Punkabilly outlaws The Supersuckers play the Altar Bar | Music | Pittsburgh | Pittsburgh City Paper

Punkabilly outlaws The Supersuckers play the Altar Bar 

Outlawry has never been a good life's pursuit -- try asking James Dean, Jesse James or even Jeffrey Lee Pierce. But since they rest mute in early graves, I'd suggest listening to just about any Supersuckers song. Take "Born With a Tail," "I Was Born Without a Spine," "How to Maximize Your Kill Count," or even "Alone and Stinking." Then swallow the fact that The Supersuckers somehow staked a 20-year career on such half-kidding, calamitous punkabilly.

In the early days, Tucson, Ariz., didn't take kindly to bassist Eddie Spaghetti and his dust-punk pals playing alt-metal at the local watering holes. So in 1989, The Supersuckers packed their rock raincoats for Seattle. When the singer quit, Spaghetti took over on vocals, gigging relentlessly with guitarists Ron Heathman and Dan "Thunder" Bolton until Sub Pop offered a record deal in 1992, resulting in The Smoke of Hell.

Piloting his crude vessel through the alternative-rock boom, Spaghetti became a kind of journeyman Dylan for the slacker generation: a jack-of-all-trades tattooed with ace of spades, dragging pop culture through piss troughs to clean off all the shit. After Spaghetti met Willie Nelson, the band's sound changed with the 1997 release, Must've Been High, a back-porch-country album laced with enough opiate twang to cure any grunge hangover. Though it marked the fourth and final effort on Sub Pop, it soon became the band's bestselling album.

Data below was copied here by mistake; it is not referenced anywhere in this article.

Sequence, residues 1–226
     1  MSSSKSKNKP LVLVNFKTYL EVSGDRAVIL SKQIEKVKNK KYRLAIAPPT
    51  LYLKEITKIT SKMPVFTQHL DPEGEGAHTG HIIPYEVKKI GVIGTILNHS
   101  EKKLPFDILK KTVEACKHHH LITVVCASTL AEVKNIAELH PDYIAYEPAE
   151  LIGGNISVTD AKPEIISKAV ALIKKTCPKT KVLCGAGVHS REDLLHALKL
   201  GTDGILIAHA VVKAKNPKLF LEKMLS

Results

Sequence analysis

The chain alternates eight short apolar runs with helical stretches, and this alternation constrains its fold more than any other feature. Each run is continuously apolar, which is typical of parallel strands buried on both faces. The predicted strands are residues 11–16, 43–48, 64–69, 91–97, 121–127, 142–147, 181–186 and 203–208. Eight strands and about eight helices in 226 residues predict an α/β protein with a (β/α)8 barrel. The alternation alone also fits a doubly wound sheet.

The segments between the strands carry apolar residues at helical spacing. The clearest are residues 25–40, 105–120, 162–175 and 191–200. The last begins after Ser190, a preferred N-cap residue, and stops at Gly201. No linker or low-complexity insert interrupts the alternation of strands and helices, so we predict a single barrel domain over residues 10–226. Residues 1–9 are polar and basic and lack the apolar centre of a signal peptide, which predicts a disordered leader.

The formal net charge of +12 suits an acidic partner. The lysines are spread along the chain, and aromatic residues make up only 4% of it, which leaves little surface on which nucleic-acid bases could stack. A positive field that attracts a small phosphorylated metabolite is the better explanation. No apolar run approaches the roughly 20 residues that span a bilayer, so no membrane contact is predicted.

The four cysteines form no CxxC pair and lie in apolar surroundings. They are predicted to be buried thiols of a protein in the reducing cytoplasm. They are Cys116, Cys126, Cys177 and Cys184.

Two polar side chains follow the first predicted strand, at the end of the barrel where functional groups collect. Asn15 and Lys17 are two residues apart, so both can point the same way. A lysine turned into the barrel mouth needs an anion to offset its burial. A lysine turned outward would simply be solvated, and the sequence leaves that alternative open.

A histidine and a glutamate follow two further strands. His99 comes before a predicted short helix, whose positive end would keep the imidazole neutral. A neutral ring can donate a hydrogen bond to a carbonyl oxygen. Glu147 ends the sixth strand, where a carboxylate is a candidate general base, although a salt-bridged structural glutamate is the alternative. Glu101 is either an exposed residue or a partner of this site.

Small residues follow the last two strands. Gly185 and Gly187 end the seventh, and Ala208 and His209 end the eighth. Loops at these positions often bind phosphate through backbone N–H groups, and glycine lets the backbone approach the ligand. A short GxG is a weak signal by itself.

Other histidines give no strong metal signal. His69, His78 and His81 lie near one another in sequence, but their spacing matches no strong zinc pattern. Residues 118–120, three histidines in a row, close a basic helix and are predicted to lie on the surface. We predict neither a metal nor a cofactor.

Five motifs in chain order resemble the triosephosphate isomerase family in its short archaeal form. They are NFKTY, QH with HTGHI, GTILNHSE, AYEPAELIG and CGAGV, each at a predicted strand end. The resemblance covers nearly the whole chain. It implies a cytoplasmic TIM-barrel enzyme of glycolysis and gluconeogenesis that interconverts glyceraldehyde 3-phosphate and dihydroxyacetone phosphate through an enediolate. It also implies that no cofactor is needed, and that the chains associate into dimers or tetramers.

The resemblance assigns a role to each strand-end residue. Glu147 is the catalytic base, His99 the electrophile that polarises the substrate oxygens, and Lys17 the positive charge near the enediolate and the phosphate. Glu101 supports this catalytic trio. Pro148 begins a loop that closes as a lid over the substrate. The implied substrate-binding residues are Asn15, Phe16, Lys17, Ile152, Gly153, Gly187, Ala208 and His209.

A return to form followed in 1999, with The Evil Powers of Rock n' Roll, a rambler of a record that got lost in the major-label shuffle. Underground bands laid off by Interscope don't usually engage in philanthropy, but The Supersuckers discovered new reasons to rock for no profit: the West Memphis Three, Arkansas teen outcasts misjudged as murderous outlaws. The three unfortunately remain behind bars on a suspicious conviction, as chronicled in the 1996 documentary Paradise Lost. In 2000, Spaghetti co-produced a benefit compilation, Free the West Memphis Three, and has put on charity concerts ever since.

After starting their own label, Mid-Fi Recordings, The Supersuckers hit the highway like non-stop nomads, performing an estimated 200 gigs a year with their recidivist rock circus, documented in 2002's wonderfully informal Must've Been Live.

These outlaws might well be, as they claim, "the greatest rock 'n' roll band in the world" -- if not for the fact that nobody but The Supersuckers have the balls to claim such a title, then because they've forged a heroic body of work hailing the anti-heroism of rock 'n' roll with whiskey and winks galore. The title is always up for grabs anyway, and as long as The Supersuckers keep contending for the honors, their fans will keep attending to honor them with hoots, hollers, heckles, hands-as-horns and a whole lotta "hell yeah."


The Supersuckers with Eddie Spaghetti and Jordan Shapiro. 10 p.m. Fri., Feb. 8 (doors at 9 p.m.). Altar Bar, 1620 Penn Ave., Strip District. $13. 412-263-2877

click to enlarge Contenders: The Supersuckers
  • Contenders: The Supersuckers


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